In the field of health, women’s position remains precarious. Globally, over half a million women every year die during pregnancy or childbirth. We are witnessing the feminisation of the HIV/AIDS pandemic: three out of every five adults living with HIV in sub-Saharan Africa are women. It is a tragedy that a massive impasse has developed between the Church’s teaching on sexual ethics and secular campaigns for women’s rights. In their insistence on women’s ‘reproductive rights’ it has become virtually impossible for most secular agencies to hear with an open mind the Church’s insistence on the sacredness of human life from conception to death. On the other hand it has become increasingly difficult for Catholic theologians and providers of health services to represent the real experience and urgent needs of women, or to enter into respectful dialogue on these questions, without being reprimanded for perceived infidelity to the Magisterium. Pope Benedict XVI’s recent encyclical, Caritas in Veritate, reminds us of the necessary ‘link between life ethics and social ethics’, pointing to the inherent contradiction in societies where, on the one hand, the dignity of the person is upheld while ‘ways in which human life is devalued and violated’ are tolerated (CiV 15). The life of women and girls continues to be devalued and violated worldwide, however, and many of them perceive the Church as being unwilling or unable to offer a realistic answer to their difficulties.
Mary Ward questioned the very basis of definitions that considered women mentally, physically and morally inferior, contesting them even when they apparently legitimised by theology and ecclesial authority,
…Wherein are we so inferior to other creatures, that they should term us but women […] as if we were in all things inferior to some other creature which I suppose to be man, which I dare be bold to say is a lie, and with respect […] may say it is an error’.
She refused to accept a situation in which reality was defined and described through the dominance of male experience and perceptions. Then and now, such an approach not only excludes the concerns specific to women, but also fails to take seriously their experience as a category for interpreting reality itself. This silencing of women and women’s experience continues to be a form of disempowerment with which women struggle in many contexts. Mary’s conviction that women are called to ‘do great things’ for God, to be educators and educated, apostles and communicators of faith, was a revolution not just in terms of the Church but in terms of an entire culture. She understood that the exclusion of women’s voices and women’s experience from public discourse lay at the heart of their oppression within society, and was contrary to the mind of God.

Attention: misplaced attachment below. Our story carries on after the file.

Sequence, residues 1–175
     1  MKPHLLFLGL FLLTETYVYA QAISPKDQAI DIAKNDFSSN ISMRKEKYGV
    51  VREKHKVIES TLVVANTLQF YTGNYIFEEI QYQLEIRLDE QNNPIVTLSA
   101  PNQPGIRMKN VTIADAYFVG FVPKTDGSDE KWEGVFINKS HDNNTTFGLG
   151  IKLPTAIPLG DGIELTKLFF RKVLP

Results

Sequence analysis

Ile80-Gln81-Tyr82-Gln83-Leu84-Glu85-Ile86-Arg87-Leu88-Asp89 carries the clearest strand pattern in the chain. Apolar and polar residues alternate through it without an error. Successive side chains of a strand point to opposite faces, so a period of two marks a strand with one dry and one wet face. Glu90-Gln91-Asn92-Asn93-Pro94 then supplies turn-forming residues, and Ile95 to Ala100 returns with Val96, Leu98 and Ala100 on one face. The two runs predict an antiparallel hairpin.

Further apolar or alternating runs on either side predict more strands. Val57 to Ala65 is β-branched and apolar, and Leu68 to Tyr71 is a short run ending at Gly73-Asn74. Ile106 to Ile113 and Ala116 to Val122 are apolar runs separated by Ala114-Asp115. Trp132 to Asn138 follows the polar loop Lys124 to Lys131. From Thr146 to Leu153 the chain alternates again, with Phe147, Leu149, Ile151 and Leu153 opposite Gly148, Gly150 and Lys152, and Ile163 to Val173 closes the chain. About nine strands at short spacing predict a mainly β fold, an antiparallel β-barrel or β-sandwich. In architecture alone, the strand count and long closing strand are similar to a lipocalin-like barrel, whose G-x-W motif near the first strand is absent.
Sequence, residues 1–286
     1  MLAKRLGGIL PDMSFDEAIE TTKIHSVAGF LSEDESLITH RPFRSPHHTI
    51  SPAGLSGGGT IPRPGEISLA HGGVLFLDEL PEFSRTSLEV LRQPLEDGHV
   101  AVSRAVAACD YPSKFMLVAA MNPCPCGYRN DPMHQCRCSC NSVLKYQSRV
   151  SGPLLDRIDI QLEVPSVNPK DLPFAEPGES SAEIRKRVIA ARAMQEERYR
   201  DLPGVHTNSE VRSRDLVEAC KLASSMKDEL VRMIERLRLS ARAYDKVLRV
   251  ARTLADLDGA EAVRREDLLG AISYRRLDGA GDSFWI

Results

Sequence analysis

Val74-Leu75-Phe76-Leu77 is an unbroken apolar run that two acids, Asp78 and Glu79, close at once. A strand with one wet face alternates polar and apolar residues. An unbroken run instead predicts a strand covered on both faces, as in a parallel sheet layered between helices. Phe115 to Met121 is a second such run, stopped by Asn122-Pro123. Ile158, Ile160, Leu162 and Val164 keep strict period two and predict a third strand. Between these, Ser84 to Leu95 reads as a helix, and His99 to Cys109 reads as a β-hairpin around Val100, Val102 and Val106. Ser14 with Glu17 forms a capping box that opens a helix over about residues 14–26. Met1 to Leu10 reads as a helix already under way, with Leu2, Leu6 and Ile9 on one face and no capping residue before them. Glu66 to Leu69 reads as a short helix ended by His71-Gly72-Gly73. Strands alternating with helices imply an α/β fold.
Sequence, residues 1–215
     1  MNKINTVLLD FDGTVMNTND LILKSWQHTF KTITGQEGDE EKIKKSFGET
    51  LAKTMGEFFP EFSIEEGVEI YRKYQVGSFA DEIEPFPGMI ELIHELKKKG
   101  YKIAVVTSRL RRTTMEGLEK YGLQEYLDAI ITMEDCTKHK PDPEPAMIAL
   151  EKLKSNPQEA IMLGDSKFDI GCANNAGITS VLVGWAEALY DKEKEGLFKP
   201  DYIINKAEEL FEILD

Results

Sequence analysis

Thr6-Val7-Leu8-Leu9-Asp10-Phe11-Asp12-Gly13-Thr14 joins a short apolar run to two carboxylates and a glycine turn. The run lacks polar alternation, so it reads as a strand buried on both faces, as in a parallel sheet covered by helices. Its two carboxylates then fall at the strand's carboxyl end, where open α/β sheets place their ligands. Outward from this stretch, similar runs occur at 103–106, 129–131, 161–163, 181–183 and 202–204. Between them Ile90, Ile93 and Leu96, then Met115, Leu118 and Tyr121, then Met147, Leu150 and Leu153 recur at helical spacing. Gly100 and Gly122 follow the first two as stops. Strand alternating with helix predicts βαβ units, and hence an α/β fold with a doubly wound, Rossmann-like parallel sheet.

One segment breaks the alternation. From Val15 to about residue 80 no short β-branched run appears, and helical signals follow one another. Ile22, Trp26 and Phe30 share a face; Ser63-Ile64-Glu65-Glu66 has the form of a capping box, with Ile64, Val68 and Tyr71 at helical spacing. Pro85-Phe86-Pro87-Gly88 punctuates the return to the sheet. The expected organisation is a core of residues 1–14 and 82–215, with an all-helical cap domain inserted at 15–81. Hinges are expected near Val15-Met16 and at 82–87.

The Glory Vision
While living in London after two failed attempts to live the monastic life, Mary experienced her famous ‘Glory Vision’. She was seeking God’s will, knowing only that she and ‘women in time to come’ were called to some other thing, as yet unknown and untried. The answer came while looking in a mirror, when she heard the words ‘Glory, glory, glory’ ringing in her ears. The glory of God, says St. Irenaeus, is a human being fully alive. As she looked at her own reflection in the mirror, Mary saw what she also heard – the glory of God, shining through her human weakness. It is the glory given by God to women of the future who will fulfil what God created them capable of being, overcoming all the human, social and spiritual impoverishment imposed on them by the forces of patriarchy. This vision holds up before the women of the world the mirror of God in which they can see their own reflection, made beautiful and glorious by the grace of creation given to each one.
Love, fear and freedom
In Mary’s writings we find frequent reference to the effects on the female psyche of love, fear and freedom. She prays that her readers might be blessed with a spirit of truth, enabling them to ‘discern things as they are in themselves, the difference between trifles and matters of importance’. Much of the male polemic in history against women and women’s judgment refers to the alleged female tendency to act and judge while dominated by unreliable feelings. This has the effect, for many women, of undermining their respect for their own context, their experience and their perceptions. While fully aware of the possibility of self-deception, Mary learned to value her own experience as a category to be taken seriously when making judgments. She called this capacity for discernment a ‘happy begun freedom, the beginning of all my good, and more worth to me […] than the whole world besides’.
In her instructions to her sisters she claims that the ‘will to do well’ is not a matter of gender or natural aptitude, ‘there is no such difference between men and women’. For her the enemy of fervour is not gender but the pervasive human attraction to idolatry and false goods. Even education and knowledge themselves can become idols, if sought for their own sake rather than for the end of all knowledge, which is God. This perception is echoed by Caritas in Veritate, ‘Truth, and the love which it reveals, cannot be produced: they can only be received as a gift. Their ultimate source is not, and cannot be, mankind, but only God, who is himself Truth and Love.’ (2).